Salmon, almonds, dark green leafy veg and avocado

The Magic of the Mineral Magnesium

The magic of the mineral magnesium is partly in the role it plays in the relaxation of muscles of the body, as well as the smooth muscles of the blood vessels and the gastrointestinal tract.

Magnesium is an essential mineral and is involved in hundreds of enzymatic reactions, especially those related to energy production and cardiovascular function. It is also necessary for DNA synthesis and the production of glutathione which is the body’s most potent anti-oxidant.

Relaxing the Body

Around 50-60% of magnesium in the body is found in the skeleton and teeth, and the rest in blood, fluids and the soft tissue, especially the muscles.

Magnesium affects the conduction of nerve impulses and muscle contraction. It works in tandem with calcium. Calcium generates a muscle contraction and magnesium helps the muscles to relax. Which is why when magnesium levels are low, we may experience cramps or muscle spasms.

Magnesium can help with constipation as it increases stool frequency by exerting an osmotic effect which pulls water into the intestine, softening the stool and making it easier to pass.

A Healthy Heart

Just as the interplay between calcium and magnesium is necessary for skeletal muscle function, it is required for a healthy heart beat. Calcium enters your heart muscle cells and stimulates muscles fibres to contract, and then magnesium relaxes them. By helping the blood vessels to relax and dilate, magnesium has been shown to lower blood pressure.

Magnesium is also anti-inflammatory and may prevent blood clotting contributing to a reduced risk of heart disease.

Relaxing the Nervous System and the Brain

Magnesium is often referred to as the ‘anti-stress’ mineral due to its natural tranquilising effect. It has important role to play in relaying signals between the brain and body. On a chemical level, magnesium aids in the relaxation of the nervous system and the brain.

It can alleviate anxiety by increasing levels of the calming neurotransmitter GABA leading to a reduction in nerve activity. Lower levels of magnesium have been associated with symptoms of depression.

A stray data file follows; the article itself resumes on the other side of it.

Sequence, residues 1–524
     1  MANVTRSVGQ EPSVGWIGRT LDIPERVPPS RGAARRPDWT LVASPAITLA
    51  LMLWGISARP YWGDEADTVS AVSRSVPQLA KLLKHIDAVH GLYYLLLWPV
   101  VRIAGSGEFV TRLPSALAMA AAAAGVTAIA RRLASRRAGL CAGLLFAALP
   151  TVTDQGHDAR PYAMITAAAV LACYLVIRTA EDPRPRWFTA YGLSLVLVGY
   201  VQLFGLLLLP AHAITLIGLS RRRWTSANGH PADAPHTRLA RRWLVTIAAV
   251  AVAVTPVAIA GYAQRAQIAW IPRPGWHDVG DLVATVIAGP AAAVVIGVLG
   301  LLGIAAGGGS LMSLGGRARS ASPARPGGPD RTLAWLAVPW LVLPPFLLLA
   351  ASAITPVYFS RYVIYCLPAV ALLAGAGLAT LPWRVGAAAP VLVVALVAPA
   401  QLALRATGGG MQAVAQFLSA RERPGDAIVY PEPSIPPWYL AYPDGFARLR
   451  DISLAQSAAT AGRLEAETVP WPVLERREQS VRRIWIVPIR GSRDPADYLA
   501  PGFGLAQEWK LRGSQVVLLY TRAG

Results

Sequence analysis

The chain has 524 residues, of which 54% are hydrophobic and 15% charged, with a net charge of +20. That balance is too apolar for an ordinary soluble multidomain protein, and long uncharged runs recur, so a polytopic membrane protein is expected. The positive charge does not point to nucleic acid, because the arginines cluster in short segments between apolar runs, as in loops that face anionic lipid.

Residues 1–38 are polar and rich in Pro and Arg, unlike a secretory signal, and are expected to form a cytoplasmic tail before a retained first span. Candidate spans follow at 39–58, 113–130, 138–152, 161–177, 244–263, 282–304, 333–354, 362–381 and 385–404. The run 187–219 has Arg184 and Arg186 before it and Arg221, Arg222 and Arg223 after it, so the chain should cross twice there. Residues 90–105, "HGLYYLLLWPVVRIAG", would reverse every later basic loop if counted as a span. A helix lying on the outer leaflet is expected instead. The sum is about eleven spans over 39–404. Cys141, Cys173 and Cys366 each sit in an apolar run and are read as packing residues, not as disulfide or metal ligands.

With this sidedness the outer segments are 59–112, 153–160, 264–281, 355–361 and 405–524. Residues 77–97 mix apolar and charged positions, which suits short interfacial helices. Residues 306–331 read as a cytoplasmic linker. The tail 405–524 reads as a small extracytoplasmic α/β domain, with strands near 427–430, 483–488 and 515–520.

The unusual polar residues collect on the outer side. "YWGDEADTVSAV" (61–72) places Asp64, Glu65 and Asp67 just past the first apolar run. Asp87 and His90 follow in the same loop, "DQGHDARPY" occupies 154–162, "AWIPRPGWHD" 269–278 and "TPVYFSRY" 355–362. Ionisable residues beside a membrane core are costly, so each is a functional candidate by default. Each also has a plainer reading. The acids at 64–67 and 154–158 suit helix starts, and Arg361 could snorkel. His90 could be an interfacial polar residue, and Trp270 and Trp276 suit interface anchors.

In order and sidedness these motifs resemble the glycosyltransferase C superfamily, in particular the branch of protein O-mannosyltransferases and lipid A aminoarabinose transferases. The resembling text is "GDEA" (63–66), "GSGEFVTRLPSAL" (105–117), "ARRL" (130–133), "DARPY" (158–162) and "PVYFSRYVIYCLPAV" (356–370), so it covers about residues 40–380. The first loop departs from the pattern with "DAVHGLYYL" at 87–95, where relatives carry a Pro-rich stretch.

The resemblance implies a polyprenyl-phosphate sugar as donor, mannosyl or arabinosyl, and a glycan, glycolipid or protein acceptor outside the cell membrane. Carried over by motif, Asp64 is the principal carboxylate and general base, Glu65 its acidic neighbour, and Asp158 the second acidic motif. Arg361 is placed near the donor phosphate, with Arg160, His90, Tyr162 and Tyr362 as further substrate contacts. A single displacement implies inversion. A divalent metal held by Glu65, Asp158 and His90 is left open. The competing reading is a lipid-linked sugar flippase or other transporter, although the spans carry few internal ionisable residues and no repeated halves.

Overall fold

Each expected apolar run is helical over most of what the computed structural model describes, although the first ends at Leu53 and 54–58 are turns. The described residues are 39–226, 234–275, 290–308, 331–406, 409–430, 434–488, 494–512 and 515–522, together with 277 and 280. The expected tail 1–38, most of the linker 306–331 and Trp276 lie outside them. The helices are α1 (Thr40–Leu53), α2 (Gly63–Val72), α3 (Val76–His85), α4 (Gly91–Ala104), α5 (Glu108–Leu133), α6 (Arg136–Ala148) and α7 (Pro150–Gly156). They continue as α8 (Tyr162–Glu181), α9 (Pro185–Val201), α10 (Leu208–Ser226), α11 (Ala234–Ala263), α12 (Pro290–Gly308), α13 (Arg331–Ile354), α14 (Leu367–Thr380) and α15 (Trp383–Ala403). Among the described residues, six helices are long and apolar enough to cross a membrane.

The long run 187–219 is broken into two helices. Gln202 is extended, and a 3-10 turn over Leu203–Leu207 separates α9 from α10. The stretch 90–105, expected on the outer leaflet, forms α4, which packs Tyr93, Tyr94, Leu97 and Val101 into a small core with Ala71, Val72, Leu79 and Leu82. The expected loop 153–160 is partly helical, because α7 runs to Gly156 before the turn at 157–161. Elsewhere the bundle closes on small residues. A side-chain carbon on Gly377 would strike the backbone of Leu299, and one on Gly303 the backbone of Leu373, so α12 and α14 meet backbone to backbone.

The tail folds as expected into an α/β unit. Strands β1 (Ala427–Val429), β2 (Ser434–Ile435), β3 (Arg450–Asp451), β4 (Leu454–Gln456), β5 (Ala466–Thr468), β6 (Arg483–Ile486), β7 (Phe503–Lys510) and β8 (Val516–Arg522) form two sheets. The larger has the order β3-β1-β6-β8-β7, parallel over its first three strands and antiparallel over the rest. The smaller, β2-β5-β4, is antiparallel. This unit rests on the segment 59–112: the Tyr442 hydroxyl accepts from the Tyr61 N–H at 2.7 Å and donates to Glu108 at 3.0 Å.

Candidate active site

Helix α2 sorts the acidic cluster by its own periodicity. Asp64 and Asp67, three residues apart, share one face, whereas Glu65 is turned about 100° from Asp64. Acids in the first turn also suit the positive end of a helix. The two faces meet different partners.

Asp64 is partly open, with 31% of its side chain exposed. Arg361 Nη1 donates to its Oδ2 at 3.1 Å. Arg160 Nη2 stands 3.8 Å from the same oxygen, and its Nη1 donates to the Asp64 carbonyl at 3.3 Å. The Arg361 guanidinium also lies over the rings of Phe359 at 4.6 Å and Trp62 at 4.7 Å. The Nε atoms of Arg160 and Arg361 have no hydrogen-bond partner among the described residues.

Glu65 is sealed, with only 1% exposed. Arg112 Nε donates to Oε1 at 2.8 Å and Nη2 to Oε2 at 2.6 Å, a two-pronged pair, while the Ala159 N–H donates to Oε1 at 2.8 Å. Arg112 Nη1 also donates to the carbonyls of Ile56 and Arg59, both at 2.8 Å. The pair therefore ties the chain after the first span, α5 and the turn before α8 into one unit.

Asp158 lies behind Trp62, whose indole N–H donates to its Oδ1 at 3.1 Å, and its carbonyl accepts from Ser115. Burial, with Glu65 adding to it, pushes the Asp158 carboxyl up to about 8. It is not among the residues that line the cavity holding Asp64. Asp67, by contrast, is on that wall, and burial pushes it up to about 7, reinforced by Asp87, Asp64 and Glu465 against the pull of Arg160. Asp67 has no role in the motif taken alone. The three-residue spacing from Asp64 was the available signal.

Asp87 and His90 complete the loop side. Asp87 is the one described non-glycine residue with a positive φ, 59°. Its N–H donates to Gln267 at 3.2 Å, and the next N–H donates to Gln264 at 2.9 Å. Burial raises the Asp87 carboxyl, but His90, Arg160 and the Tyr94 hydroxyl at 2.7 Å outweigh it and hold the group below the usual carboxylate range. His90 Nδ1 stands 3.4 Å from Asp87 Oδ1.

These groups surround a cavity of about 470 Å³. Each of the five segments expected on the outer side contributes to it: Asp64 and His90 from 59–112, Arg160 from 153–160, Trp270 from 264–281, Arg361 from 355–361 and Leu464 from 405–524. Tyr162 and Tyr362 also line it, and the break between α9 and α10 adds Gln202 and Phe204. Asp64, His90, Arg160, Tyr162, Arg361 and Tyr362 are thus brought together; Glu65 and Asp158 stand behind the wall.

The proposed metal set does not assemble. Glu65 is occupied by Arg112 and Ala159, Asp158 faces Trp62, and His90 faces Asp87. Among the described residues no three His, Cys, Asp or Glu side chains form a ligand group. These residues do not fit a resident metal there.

This action of calming the nervous system may improve sleep quality and reduce the incidence of insomnia.  It also regulates the hormone melatonin which affects the sleep-wake cycles of the body. So, as well as helping you to fall asleep, an optimum magnesium level can contribute to deep and restful sleep.

Possible Signs of Low Magnesium:

  • Muscle cramps
  • Twitches
  • Nervous tension
  • Tension headaches
  • Insomnia
  • Irritability
  • Restlessness
  • Fatigue
  • PMS
  • Constipation
  • Rapid/irregular heart beat
  • Depression

Inadequate intake of magnesium from the diet as well as low serum levels are associated with an increase in chronic disease such as Type 2 diabetes, cardiovascular disease, osteoporosis and hypertension. Magnesium deficiency is also linked with chronic fatigue, chronic pain syndrome, irritable bowel syndrome, kidney stones and pulmonary disorders such as asthma.

Dietary Sources of Magnesium

  • Dark green leafy vegetables such as spinach, kale, chard, romaine lettuce and rocket
  • Nuts including almonds, pecans, cashews, and Brazil nuts
  • Seeds such as pumpkin seeds, sunflower seeds and flaxseeds
  • Legumes including lentils, black beans, kidney beans, soybeans, mung beans, adzuki beans, peas and alfalfa sprouts
  • Tofu and tempeh (fermented soybeans)
  • Whole grains, especially wheat, millet, quinoa and brown rice
  • Avocado, bananas, apples, grapefruit, cantaloupe melon, pineapple, okra
  • Dried apricots
  • Dark chocolate
  • Fish including mackerel, halibut, salmon and crab
  • Dairy
  • Meat

Alcohol, caffeine and sugar all increase magnesium loss.

Epsom Salt Bath

Epsom salt is magnesium sulphate, a mineral compound that has long been considered to have health benefits.

As well as the benefit of warm water as a relaxant, a good soak in an Epsom salts bath allows for some absorption of magnesium through the skin.

An Epsom salt bath can help relax tired, aching muscles, and help with getting a good night’s sleep. It is also a natural exfoliant so you can have the added bonus of soft silky skin!

How to Take an Epsom Salt Bath

  • Water should be warm but not too hot.
  • Add the Epsom salts while the water is running to help it dissolve.
  • To help relax tired aching muscles add 2-4 cups (500g-1kg) to your bath.
  • For general skin health and wellbeing add 1/2-1 cup (100g-250g) to your bath.
  • When the salts are dissolved, relax and soak for 20 minutes.

Epsom Salt Foot Bath

  • Dissolve 1/2-2 cup (100g-500g) in warm water.
  • Relax and soak feet for up to 20 minutes, refreshing with additional warm water if needed.
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